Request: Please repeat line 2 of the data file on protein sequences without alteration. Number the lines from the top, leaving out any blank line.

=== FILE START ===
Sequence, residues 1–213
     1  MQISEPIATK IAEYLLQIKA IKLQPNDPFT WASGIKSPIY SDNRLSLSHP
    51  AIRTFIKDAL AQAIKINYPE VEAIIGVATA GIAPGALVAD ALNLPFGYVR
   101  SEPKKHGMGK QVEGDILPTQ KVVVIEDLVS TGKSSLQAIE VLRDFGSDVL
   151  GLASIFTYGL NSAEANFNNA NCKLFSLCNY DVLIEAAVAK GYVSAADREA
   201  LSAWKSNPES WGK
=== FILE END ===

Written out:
     1  MQISEPIATK IAEYLLQIKA IKLQPNDPFT WASGIKSPIY SDNRLSLSHP